There is nothing I love more than when a book, or in this case, an audiobook, pulls me in so tightly and quickly, I lose all sense of time and what's going on around me. That is what happened when I began listening to ALL THE LIGHT WE CANNOT SEE by Anthony Doerr.
This compelling, historical fiction novel centering around a blind Parisian girl and an orphaned German boy whose paths would, under normal circumstances, probably never cross, proves that even in life's most challenging phases, it can bring out the best in people, even those from two drastically different worlds.
In early 1940's France, Marie-Laure and her father flee Paris to escape the Nazis and go to Saint-Malo to live with a reclusive uncle until they can return home, where her father works as the lock maker for the Museum of Natural History. Werner lives in a German orphanage with his sister. After finding a broken transistor radio, and making it work once again, they listen in secret to a man's voice reading children's stories over the airwaves. They are mesmerized by this and wonder where this man could be. Soon Werner's talents become a knack for working on these radios he is recruited by the German army and sent to Hitler's Youth Camp for further training, leaving his sister behind.
Marie-Laure's father later sets out for Paris alone to return a precious item to the museum that had been entrusted to him for safekeeping. This mission was so secret not even his daughter was aware of the valuable item in his possession. Meanwhile, Marie-Laure and her uncle wait for his return.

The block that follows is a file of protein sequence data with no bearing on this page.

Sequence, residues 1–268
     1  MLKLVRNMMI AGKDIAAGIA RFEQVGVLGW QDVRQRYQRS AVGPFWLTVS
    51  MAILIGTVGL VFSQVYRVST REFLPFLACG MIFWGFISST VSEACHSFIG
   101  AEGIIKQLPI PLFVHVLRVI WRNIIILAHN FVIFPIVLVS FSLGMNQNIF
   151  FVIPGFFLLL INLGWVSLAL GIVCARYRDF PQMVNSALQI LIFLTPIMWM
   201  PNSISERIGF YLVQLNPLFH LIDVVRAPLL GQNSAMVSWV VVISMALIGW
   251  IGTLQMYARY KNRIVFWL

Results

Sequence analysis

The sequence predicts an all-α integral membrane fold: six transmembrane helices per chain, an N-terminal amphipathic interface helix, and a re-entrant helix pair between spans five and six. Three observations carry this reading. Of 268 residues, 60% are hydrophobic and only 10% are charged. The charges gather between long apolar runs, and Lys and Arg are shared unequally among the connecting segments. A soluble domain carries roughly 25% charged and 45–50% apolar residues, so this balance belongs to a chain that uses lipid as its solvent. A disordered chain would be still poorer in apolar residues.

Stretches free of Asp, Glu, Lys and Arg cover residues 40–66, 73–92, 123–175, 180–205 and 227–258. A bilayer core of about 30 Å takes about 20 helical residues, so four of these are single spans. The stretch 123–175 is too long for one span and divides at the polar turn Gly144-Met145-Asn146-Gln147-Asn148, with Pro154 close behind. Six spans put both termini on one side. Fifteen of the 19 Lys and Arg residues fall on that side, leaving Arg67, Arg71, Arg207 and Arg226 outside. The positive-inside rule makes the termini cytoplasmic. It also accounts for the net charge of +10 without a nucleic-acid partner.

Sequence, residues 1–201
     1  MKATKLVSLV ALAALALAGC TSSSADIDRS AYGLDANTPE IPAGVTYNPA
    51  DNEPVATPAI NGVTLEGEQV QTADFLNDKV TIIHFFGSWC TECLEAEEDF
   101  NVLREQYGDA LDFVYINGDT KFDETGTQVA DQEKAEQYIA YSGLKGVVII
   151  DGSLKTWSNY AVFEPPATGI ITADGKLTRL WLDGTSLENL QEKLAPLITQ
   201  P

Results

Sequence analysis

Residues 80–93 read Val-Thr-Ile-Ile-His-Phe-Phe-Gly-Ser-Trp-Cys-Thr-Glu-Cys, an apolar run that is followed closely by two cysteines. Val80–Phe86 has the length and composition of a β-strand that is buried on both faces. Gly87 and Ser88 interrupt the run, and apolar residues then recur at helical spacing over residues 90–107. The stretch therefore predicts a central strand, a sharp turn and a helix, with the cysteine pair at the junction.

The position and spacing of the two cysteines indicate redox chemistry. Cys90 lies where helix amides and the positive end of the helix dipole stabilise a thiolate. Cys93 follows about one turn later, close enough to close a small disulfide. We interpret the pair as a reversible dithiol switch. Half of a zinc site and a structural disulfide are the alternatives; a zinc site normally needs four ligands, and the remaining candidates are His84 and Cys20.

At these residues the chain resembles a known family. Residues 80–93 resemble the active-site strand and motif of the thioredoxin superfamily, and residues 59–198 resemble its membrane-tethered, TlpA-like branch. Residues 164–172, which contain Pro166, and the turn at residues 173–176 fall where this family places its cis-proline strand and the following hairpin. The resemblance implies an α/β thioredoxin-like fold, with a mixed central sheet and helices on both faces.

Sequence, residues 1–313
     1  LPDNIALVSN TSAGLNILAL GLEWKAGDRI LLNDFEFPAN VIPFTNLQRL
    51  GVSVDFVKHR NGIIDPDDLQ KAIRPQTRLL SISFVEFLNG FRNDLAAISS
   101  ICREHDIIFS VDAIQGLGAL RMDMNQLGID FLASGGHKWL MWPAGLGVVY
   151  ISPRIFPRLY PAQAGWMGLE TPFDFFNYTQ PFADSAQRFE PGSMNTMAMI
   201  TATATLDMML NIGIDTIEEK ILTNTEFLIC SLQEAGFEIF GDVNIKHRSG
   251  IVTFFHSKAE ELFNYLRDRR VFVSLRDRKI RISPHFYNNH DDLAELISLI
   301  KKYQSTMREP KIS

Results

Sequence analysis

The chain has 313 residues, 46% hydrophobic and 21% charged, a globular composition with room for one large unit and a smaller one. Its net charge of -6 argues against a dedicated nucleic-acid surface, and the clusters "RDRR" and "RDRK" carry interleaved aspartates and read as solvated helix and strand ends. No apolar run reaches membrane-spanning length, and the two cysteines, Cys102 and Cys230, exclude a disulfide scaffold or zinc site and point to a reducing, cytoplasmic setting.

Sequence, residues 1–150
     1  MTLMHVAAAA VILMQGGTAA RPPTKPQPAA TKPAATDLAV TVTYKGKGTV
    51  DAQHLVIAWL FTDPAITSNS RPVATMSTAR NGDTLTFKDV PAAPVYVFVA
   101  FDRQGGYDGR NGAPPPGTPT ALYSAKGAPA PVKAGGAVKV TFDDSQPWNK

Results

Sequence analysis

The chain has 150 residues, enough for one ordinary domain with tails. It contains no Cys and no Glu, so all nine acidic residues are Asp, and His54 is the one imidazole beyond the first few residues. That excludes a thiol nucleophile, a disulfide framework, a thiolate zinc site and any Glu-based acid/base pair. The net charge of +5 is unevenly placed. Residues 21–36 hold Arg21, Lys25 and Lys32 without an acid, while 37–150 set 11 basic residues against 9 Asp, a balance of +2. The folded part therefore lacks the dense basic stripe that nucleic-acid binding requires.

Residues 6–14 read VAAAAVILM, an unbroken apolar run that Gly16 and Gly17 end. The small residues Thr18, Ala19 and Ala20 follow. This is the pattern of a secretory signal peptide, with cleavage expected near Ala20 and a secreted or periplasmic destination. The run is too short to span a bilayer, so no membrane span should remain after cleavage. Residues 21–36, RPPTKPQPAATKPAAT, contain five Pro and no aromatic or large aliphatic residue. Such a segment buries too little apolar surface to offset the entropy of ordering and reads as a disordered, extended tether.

Werner proves himself very useful to the German's and is sent on expeditions to scout out anyone resisting the Nazi takeover. The fact that his passion for and knowledge of these electronic devices were having a direct effect on progress of the war, and ultimately on people's lives, did not escape Werner and, in fact, caused him great conflict.
Over four years passed and with the end of the Occupation in sight, these two young people from opposite worlds found themselves in the same city wanting the same thing: to return to the life they remembered with the people they love.
Though my synopsis does give a good idea of what this book is about, I left so much out purposefully. It is much deeper and absolutely captivated my attention. I was pulled into Marie-Laure's world of blindness, imagining what it must have been like for her in a strange city with relatives she didn't know, waiting for a father she may never see again. Werner was a boy swept up in a war he didn't undertand simply because he was born German and possessed skills other people needed.
Because I loved it so much, it is difficult for me to review I want to do it justice without saying too much. All I will say is it is a beautifully layered story with sub-plots that give it depth and a lot of feeling. The characters were perfectly developed and authentic to the time, place, and circumstance. It was an easy book to fall into.
Though I'd read where some listeners of this audiobook had trouble keeping up, I didn't have that problem at all. It was all very visual to me, very fluid and completely satisfying. I felt the narrator, Zach Appelman, did a terrific job with his interpretation. I would not hesitate to listen to any of his other performances.
Whether in book form or audio, I would highly recommend this book to readers who really enjoy historical fiction, particularly the Nazi Occupation of France. About a year or so ago I began seeing more books on this topic and I find myself drawn to their perspectives. ALL THE LIGHT WE CANNOT SEE is definitely worth reading.
ALL THE LIGHT WE CANNOT SEE (Unabridged Audio Version)
Author: Anthony Doerr
Narrator: Zach Appelman
Publisher: Simon & Schuster Audio
Published: May 2014
Length: 16 hrs 2 mins